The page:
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Explanation of Plato's epistemology in the Republic

The argument of Republic 5 is one of the most difficult in the Platonic corpus. It is crucial for an understanding of both Plato's epistemology in general and also the specific political proposals of the Republic. I will start by offering some contextual information, and then lay out the argument as a whole. I will then offer a general explanation of the concepts of knowledge, belief, and existence, operative in the argument. Finally, I work through the main steps more slowly and with explanation as appropriate.

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Epistemology in Plato's Republic

1. Introduction:
The argument at the end of Republic 5 is one of the most difficult in the Platonic corpus. It is crucial for an understanding of both Plato's epistemology in general and also the specific political proposals of the Republic. I will start by offering some contextual information, and then lay out the argument as a whole. I will then offer a general explanation of the concepts of knowledge, belief, and existence, operative in the argument. Finally, I work through the main steps more slowly and with explanation as appropriate.

2. Context:
The epistemological argument I am focusing on is presented at the end of Republic 5. The context is Socrates' proposal that his ideal city can be actualized only if philosophers become kings or kings become philosophers (472e-473e) In order to defend his proposal, Socrates needs to answer 2 questions (474b): (1) what is a philosopher? (2) Why is the philosopher qualified to rule? The ensuing argument gives answers to both.

3. Laying out the argument (Rep. 476d-484b)

1. Knowledge is set over what is
2. Ignorance is set over what is not.
3. Knowledge and belief are powers.
4. Knowledge and belief are different powers.
5. A power is something that enables one to do something of which one is capable. (Examples: sight, hearing)
6. Different powers do different work and deal with different objects.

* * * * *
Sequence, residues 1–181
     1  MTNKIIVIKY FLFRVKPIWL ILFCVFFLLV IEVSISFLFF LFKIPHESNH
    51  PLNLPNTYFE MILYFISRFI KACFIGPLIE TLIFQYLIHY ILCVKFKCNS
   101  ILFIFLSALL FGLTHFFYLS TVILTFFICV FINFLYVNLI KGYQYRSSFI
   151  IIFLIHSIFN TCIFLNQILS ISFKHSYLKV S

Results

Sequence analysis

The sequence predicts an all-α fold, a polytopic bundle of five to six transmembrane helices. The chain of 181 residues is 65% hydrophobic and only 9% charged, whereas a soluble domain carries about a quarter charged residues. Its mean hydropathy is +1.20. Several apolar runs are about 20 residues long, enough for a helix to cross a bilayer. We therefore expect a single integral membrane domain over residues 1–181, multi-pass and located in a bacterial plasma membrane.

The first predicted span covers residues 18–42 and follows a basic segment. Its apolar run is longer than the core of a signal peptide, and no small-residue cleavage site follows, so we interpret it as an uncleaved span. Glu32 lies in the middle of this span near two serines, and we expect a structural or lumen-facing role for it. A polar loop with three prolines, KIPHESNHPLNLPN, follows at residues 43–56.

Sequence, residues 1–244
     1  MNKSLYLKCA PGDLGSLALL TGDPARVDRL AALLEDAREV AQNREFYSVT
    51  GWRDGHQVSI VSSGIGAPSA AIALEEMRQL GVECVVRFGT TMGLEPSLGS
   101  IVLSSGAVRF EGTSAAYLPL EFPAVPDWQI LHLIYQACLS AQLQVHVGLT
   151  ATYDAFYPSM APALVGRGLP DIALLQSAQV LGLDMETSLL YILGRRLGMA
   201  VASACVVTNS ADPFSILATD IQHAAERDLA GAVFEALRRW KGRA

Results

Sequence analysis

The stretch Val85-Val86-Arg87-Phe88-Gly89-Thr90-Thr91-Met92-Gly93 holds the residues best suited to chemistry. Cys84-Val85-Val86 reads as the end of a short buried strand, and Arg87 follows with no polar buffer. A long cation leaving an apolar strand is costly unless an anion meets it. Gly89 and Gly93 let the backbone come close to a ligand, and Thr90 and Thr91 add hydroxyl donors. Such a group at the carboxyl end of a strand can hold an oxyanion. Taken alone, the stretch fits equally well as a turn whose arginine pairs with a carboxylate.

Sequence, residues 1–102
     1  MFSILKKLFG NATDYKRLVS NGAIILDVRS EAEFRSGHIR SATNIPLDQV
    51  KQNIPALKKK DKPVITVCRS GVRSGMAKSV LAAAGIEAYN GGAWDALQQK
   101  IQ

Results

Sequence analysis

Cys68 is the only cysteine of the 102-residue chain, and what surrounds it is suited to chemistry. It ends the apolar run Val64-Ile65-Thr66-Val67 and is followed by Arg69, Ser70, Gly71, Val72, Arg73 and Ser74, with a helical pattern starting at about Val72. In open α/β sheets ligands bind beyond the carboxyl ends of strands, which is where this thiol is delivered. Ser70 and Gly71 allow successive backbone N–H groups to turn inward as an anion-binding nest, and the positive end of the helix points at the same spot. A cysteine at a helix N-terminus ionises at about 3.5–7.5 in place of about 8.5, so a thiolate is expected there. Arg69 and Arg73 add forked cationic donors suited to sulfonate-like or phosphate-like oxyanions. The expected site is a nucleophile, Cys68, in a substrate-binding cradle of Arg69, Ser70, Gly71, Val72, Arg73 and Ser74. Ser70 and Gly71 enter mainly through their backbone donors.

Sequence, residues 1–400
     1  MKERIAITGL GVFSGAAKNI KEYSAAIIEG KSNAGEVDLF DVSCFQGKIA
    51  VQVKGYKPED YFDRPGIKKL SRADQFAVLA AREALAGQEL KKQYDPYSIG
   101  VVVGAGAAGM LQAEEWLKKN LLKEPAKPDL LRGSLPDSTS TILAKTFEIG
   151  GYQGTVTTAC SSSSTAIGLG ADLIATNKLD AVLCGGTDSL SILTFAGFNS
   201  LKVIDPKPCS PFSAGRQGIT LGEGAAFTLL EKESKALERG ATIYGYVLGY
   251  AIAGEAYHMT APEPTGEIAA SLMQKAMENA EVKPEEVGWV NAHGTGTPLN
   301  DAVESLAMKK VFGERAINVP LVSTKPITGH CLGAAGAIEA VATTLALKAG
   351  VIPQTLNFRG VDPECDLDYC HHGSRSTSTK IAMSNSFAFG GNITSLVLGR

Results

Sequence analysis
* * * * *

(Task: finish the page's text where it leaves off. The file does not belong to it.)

7. Therefore, knowledge and belief deal with different objects.
8. Therefore, what is known is not the same as what is believed.
9. Therefore, what is believed is not what is.
10. The power of belief does not believe nothing.
11. Therefore, what is believed is not what is not.
12. Belief is "more opaque" than knowledge but "clearer" than ignorance.
13. Therefore, belief must be between knowledge and ignorance.
14. If there is something which both is and is not at the same time, it will lie in between what purely is and what in every way is not.
15. If there is something between knowledge and ignorance, then it deals with that which is between what purely is and what in every way is not, if there is such a thing.
16. Belief is between knowledge and ignorance.
17. Therefore, belief deals with that which is between what purely is and what in every way is not, if there is such a thing.
18. All of the many beautiful things are also ugly, just things are also unjust, etc.
19. Therefore, beautiful things loved by the sight-lovers both are and are not.
20. Therefore, there are such things as are between what purely is and what in every way is not.
21. Therefore, belief deals with that which is between what purely is and what in every way is ...

Solution Summary

An explanation of Plato's epistemology in the republic is determined.

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